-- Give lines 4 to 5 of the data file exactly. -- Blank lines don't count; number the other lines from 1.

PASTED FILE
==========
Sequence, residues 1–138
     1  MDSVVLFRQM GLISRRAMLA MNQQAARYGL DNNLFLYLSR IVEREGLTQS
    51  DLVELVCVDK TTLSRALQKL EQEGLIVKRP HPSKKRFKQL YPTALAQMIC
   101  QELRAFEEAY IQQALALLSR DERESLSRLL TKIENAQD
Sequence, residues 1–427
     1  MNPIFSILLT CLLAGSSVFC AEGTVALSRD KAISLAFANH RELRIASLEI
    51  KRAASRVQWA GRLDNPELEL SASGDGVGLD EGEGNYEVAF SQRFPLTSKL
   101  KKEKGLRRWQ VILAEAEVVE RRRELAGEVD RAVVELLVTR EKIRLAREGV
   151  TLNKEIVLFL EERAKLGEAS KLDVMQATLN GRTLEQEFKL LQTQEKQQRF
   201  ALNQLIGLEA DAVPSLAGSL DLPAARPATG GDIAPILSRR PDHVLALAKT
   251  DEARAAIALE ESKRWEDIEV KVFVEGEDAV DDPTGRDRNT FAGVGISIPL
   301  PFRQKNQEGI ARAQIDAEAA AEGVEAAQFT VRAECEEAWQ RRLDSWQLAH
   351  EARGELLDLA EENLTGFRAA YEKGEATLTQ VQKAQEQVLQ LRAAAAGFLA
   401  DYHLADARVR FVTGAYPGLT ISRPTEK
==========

   101  QELRAFEEAY IQQALALLSR DERESLSRLL TKIENAQD
Sequence, residues 1–427